There’s also this bit on the ScreenHub newsletter:

At Screen Australia, they are focused on training good developers, with Coleman believing that good developers require a mixture of intuition, experience, and a lack or arrogance. These are skills which can then be enhanced by further training.

The Script Factory, where much of the developer training will take place, has been refining its courses for 12 years. In time, Coleman hopes that all developers working with writers will have access to such knowledge.

She is very keen for the Australian box office to have at least two or three Australian films in the top ten, and is convinced that Australian audiences are keen to see Australian product. She also wanted to see have Australia continue to make products such as Beautiful Kate, Samson and Delilah and Mao’s Last Dancer.

Coleman stated that Screen Australia is very keen to look at craft, genre and development constructively, and stated that they were also keen to look at projects sourced from books, blogs and other sources which have big screen potential.

She believes that in the past, there has been a reticence towards genre in the industry, but asserted that genre rules must be understood and followed to achieve box office success, citing Daybreakers as an example.

With 6 month Film4 internships on offer to emerging producers, and a short film fund for teams wanting to make a feature film after gaining experience on a short, she believes that strong filmmaking futures will be created.

Coleman describes herself as very excited and optimistic about the industry, and claimed that Screen Australia respects and understands the needs of filmmakers.

Development Manager Veronica Gleeson, coming from a background which includes working for the FTO and AWG, stated that Screen Australia is open to all good scripts with something to say, along with sound evidence of where the script is going. She stressed the importance of structure as related to story and genre, and there needs to be an awareness of what occurs when and why.

They don’t expect the script to be working perfectly when it enters the process, but they do expect writers to know what’s under the bonnet of the car, so to speak.

The process, according to Gleeson, is not intended to infantalise or box in writers, and they don’t want to create a process where writers are “trampled to death by cheerleaders” (as described by the writer of Sister Act).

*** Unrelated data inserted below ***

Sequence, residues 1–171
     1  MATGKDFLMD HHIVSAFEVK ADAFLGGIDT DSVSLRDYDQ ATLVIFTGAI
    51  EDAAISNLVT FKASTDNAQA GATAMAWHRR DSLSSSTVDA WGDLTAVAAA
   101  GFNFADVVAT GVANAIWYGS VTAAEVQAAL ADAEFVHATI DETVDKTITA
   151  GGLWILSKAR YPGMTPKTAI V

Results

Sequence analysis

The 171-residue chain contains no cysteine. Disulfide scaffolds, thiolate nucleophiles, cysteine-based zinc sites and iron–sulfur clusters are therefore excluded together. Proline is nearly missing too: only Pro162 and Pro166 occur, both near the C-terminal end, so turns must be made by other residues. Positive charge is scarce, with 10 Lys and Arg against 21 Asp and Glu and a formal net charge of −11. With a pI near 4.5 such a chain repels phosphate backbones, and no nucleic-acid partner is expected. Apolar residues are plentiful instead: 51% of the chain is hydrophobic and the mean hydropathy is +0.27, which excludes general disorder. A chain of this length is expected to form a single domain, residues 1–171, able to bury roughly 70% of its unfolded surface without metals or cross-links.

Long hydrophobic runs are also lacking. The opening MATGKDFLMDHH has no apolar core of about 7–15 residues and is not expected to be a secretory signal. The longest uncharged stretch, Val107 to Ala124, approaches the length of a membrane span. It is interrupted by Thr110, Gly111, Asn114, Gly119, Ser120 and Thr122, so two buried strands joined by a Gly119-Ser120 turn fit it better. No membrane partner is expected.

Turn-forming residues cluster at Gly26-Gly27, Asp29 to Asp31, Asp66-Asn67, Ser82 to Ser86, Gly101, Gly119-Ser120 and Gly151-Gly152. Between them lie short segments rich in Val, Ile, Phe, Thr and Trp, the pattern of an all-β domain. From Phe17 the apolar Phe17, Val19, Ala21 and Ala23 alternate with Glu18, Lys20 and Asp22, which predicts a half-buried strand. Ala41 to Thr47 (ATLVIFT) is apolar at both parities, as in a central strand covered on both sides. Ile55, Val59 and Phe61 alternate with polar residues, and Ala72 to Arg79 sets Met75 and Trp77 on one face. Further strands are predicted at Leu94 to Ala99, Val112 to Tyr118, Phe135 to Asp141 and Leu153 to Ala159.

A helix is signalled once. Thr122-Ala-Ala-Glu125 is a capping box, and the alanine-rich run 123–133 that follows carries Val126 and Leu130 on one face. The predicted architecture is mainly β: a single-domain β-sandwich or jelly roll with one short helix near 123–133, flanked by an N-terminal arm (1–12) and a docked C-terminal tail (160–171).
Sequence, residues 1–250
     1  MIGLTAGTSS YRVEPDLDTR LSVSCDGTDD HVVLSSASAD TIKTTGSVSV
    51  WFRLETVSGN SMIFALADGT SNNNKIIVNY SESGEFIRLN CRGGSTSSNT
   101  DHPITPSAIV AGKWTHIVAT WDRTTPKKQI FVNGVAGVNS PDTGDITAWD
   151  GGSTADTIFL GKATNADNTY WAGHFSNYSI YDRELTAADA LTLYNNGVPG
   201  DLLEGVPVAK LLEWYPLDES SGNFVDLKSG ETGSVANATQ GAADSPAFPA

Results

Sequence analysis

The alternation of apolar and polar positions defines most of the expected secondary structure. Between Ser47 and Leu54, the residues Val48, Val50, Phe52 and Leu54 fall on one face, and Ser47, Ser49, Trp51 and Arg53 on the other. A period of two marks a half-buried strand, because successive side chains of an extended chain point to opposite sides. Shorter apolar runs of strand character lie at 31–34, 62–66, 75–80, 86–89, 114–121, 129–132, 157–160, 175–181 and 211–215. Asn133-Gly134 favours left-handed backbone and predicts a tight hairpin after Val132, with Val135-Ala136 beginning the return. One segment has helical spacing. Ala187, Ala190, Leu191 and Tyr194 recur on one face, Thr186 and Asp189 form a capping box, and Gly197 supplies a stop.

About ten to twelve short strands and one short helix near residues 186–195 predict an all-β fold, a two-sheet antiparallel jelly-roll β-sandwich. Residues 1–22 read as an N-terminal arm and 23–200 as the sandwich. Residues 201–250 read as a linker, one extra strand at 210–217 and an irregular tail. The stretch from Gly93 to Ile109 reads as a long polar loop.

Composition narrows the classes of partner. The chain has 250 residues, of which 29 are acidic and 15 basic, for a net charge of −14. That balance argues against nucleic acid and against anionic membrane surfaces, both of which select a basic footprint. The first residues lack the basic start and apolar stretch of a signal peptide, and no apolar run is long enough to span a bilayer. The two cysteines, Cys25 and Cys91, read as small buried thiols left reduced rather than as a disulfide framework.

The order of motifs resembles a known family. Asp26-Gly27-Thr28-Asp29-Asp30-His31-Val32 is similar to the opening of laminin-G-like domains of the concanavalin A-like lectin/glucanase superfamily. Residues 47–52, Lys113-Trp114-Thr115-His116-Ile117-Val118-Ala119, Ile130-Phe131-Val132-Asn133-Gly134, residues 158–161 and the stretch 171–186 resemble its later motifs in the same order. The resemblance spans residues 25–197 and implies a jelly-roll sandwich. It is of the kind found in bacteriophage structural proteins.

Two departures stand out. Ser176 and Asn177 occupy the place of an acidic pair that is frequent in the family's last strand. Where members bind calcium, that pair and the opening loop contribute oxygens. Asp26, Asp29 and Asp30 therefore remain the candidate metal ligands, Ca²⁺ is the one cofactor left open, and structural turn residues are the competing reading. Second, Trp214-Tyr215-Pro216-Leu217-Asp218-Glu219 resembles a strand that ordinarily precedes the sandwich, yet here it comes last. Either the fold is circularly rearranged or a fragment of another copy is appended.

This fills me with a certain kin of dread. I can see myself going to these people and being told I don’t understand anything about my craft, even though 1) I got my full membership with the AWG now, so my new professional peers might disagree and 2)  I might have written way more words professionally than these people.

See what I mean? It reminds me of Film School and Film School was a process where I was having to pretend I was being educated (in an ideological position I might add) while I busily educated myself to what was truly necessary to make a film. I can well imagine these people are going to be pretty ideological about the films that *ought* to be developed even if they wont admit it – and when I canvas around at my writing colleagues, this paranoia is widely shared.

But it’s interesting to see that Screen Australia ants to be in on larger films by more proven people and then develop things through a British model which has equally landed British writers in a quandary. We may not have seen the bottom yet.

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Australian Chamber Of Commerce And Industry

White Middle Aged Dudes In Denial

I know a lot of green types can be divided into two categories: Cucumbers and Watermelons. Cucumbers are green on the outside and green on the inside, but Watermelons a re only green on the outside and Commie-Red on the inside. I wish there were equivalents in describing the various shades of Climate Change Sceptics. I guess we have to find out what colour climate change denial actually is, before we find the simile.

In the mean time, there’s this little article to ponder in the SMH.